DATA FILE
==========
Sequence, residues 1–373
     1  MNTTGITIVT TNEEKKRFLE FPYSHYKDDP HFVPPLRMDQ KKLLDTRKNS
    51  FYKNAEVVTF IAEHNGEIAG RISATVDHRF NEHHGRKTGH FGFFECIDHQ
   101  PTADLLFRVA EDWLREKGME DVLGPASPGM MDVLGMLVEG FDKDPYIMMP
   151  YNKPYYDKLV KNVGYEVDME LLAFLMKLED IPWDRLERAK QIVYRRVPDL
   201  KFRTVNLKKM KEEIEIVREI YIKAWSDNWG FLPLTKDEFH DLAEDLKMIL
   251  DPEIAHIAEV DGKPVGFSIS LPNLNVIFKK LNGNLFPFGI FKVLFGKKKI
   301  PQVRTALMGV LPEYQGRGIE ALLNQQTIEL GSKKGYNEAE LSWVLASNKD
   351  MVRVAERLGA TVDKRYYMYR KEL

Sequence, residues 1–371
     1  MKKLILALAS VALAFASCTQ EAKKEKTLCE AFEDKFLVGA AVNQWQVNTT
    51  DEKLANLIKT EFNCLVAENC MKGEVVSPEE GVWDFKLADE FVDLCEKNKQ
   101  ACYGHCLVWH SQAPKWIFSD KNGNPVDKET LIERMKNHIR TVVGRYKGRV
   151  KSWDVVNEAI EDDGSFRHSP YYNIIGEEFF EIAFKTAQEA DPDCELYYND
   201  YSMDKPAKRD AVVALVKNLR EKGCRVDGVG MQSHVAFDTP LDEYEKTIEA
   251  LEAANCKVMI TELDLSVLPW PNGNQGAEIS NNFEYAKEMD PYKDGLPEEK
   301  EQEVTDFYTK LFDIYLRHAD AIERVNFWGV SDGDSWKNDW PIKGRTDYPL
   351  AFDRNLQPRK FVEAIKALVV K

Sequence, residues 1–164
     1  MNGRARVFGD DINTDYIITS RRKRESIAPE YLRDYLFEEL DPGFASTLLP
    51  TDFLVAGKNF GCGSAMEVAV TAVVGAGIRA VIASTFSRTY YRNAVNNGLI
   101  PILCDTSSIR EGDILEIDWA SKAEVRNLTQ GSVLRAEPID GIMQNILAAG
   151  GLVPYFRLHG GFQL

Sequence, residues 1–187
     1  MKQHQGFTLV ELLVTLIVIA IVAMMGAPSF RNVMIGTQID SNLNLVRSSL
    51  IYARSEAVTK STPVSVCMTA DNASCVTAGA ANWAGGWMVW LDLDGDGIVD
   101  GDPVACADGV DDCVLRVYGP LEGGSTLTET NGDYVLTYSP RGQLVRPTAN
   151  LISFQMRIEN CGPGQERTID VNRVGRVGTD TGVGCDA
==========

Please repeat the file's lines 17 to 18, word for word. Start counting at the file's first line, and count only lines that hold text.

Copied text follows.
   301  EQEVTDFYTK LFDIYLRHAD AIERVNFWGV SDGDSWKNDW PIKGRTDYPL
   351  AFDRNLQPRK FVEAIKALVV K